Shovelled teeth, the ice age, and breastfeeding

Today, something a little different – a short mystery story about teeth shaped like shovels, the last Ice Age, and breastfeeding in ancient Native Americans.

Welcome to the tundra

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A set of images showing Beringia, and how it has become Alaska and Siberia over time as sea levels rose.
Credit: U.S. National Oceanic and Atmospheric Administration, public domain.

Our tale begins roughly 20,000 years ago in Beringia, a landmass that used to link Alaska with north-eastern Russia. A band of humans, numbering a few thousand, were trapped during the Ice Age, between vast sheets of ice to the east, and barren uninhabitable Siberia to the west. They settled here for 5,000 years, isolated, in what is known as the “Beringia Standstill”. Afterwards, they emerged to populate the Americas and North-Eastern Asia. How do we know this? Well, one part of the evidence is in the unusual “shovel” shape of their teeth, still common in many Native Americans and some East Asians today.

Shovelled teeth

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Photograph of human upper incisors with significant “shoveling”.
Credit: Christy G. Turner, II, courtesy G. Richard Scott

Skulls unearthed during archaeological digs have shown that shovelled teeth were present in all indigenous people throughout the Americas before European colonialists arrived. Scientists have also found a genetic cause for shovelled teeth, in the form of a mutation in a gene called EDAR.

But here’s the mystery – why are shovelled teeth so common? The assumption so far has been that they must give some sort of advantage, such that those with shovelled teeth survive and pass them onto their children – in other words, evolution by natural selection. What possible advantage could shovelled teeth provide?

All sorts of explanations have been put forward. One such theory was that the shovelling of teeth helps with the eating of animals, part of the staple diet amongst the Beringians.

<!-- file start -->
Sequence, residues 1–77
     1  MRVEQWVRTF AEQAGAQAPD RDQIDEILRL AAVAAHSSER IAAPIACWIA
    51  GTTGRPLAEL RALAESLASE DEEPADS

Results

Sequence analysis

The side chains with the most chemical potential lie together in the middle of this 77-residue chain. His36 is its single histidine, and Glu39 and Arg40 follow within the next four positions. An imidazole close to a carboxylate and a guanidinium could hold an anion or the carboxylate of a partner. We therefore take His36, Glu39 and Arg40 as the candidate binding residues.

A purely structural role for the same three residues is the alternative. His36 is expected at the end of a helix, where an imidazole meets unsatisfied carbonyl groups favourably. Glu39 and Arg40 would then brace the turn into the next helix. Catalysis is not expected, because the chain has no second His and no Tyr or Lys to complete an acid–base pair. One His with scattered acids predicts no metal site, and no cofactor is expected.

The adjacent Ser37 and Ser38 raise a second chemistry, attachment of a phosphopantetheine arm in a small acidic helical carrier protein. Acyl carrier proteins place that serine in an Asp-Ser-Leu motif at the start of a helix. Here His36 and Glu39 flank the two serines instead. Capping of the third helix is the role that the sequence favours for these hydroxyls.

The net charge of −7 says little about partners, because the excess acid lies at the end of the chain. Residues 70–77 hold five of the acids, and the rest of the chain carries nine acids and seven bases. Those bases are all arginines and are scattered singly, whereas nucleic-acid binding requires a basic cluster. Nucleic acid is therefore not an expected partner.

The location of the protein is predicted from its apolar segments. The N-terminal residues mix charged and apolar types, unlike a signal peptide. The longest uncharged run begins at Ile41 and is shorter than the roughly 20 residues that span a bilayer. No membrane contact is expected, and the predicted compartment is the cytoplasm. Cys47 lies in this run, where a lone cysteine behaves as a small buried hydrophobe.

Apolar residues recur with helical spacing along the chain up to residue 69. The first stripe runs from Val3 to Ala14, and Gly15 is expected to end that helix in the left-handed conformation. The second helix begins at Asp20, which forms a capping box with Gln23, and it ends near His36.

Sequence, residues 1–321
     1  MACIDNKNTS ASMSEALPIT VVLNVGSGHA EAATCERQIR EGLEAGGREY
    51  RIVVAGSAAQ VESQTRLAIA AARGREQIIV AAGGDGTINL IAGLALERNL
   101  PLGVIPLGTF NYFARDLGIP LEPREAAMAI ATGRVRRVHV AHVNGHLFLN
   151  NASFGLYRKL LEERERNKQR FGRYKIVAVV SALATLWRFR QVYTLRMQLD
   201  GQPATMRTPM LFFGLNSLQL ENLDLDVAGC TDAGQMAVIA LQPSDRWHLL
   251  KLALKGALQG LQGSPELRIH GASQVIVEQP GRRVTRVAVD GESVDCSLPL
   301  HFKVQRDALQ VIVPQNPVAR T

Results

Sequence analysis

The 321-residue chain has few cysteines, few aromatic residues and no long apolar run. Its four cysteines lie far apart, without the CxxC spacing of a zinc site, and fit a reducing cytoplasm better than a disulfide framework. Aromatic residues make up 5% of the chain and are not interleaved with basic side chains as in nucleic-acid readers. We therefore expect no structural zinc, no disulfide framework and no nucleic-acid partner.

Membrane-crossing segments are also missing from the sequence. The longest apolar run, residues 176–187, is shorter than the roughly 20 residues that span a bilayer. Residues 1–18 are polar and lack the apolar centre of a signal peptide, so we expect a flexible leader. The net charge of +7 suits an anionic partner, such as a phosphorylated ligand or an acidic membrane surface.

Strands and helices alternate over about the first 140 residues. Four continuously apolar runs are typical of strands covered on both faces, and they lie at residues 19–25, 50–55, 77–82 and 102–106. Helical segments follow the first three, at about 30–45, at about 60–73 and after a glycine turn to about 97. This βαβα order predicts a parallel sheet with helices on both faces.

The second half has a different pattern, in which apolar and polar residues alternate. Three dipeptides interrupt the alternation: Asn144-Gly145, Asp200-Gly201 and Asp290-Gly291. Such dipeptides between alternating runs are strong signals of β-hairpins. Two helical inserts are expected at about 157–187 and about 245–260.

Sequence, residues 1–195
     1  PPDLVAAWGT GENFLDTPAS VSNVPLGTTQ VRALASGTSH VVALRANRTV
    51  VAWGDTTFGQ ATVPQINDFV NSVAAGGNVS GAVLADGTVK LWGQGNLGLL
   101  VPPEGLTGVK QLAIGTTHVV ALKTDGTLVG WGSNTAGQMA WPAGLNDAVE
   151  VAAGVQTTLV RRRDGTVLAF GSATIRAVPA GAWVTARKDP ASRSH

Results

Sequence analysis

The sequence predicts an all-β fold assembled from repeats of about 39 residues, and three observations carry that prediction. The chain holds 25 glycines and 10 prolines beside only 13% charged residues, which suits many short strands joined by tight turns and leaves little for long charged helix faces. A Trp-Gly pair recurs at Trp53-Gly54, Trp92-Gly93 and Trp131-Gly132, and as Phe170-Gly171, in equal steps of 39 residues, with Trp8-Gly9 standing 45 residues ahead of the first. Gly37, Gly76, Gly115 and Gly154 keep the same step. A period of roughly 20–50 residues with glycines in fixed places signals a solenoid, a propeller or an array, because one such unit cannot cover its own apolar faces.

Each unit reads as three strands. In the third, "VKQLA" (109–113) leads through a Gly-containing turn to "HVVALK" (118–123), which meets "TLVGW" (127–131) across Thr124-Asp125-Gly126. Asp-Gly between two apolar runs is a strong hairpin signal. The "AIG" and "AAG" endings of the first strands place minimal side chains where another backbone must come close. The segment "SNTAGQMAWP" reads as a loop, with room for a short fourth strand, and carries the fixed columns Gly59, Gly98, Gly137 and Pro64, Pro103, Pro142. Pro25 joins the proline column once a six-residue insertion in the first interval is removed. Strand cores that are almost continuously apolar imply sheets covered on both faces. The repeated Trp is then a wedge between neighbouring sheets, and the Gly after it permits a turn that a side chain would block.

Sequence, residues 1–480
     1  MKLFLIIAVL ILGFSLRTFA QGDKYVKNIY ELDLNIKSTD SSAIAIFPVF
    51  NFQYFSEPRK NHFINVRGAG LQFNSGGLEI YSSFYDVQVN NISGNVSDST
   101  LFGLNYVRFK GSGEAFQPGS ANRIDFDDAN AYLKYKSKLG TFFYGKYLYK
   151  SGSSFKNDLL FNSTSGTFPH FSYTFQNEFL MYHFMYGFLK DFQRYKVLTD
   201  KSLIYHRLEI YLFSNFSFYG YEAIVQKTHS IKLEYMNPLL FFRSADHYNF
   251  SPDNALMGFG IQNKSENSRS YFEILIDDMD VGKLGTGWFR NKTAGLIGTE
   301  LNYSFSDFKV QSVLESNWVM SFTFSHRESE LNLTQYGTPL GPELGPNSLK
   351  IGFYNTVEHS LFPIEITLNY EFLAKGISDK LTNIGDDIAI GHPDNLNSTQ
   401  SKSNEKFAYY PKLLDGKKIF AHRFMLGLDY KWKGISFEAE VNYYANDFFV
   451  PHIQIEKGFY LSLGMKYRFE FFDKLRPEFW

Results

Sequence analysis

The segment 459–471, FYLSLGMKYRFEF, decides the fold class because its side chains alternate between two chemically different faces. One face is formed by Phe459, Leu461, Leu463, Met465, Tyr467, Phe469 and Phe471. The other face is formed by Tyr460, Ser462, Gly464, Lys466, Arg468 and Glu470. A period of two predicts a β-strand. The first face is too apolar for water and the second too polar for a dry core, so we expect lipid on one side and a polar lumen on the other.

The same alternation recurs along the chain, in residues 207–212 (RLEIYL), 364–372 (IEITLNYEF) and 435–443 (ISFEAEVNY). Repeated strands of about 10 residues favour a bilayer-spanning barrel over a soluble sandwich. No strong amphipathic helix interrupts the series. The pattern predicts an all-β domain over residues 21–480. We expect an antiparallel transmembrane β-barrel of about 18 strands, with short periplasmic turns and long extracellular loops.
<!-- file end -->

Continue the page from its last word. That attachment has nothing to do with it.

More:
But Leslea Hlusko, an expert in the evolution of teeth in early humans based University of California Berkeley, was not convinced. She looked elsewhere – maybe the explanation could be found in the diet, but not in the way everyone had thought.

Sunny D

sunset-3291263_1920

Though Beringia was relatively speaking a safe-haven for our group of humans 20,000 years, one of the hazards was low levels of sunlight. The UV light from the Sun helps our bodies produce vitamin D, a nutrient essential for bone development and for fat tissue. But being so close to the Arctic Circle, our band of Beringians were barely exposed to any UV light throughout the year, and so were at risk of a dangerous vitamin D deficiency.

The adults could make up for this by eating a diet rich in animal fat, which contains a lot of vitamin D. But the babies and infants of this group had to get all the nutrients they needed – including the vitamin D – from breastfeeding. So how did their mothers’ bodies ensure that enough vitamin D got into the milk?

Branching out

illu_breast_anatomy
Cross-section of human breast, with breast duct branching shown.

Looking at all the evidence, Hlusko has put forward a clever solution, published with colleagues in the scientific journal Proceedings of the National Academy of Sciences. It comes back to the EDAR gene – one of many effects that the mutation in EDAR causes, in addition to shovelled teeth, is an increase in the number of branches in the mammary gland of the breast.

The mammary gland is the organ that produces breastmilk, and it gets what it needs to do this from the surrounding fatty tissue of the breast. Previous research in mice has shown that when this fatty tissue lacks vitamin D, the mammary gland develops more branches – sort of like a tree developing more extensive roots when water is scarce.

Leslea Hlusko therefore offered the theory that the mutation in EDAR is an adaptation which ensured that babies got enough vitamin D in their breast milk. The Beringian mothers who carried the mutation had mammary glands with more branches, which provided the Vitamin D needed to help their Beringian babies survive, to eventually pass on the same mutation to their children, along with the breastmilk rich in vitamin D. Evolution in action.

But what about those shovelled teeth? Far from being a carnivorous tool for survival, the teeth are in fact just a by-product of something a little gentler, but equally essential – the passing of nutrients from mother to baby through breastfeeding.

The mutation in EDAR is still common amongst many Native Americans and East Asians today, and if Hlusko’s theory proves to be true, it would be first example of natural selection based upon the bond between mother and infant. She says that it “highlights the importance of the mother-infant relationship and how essential it has been for human survival.”

 

Read more about the research on Leslea Hlusko’s article for The Conversation.

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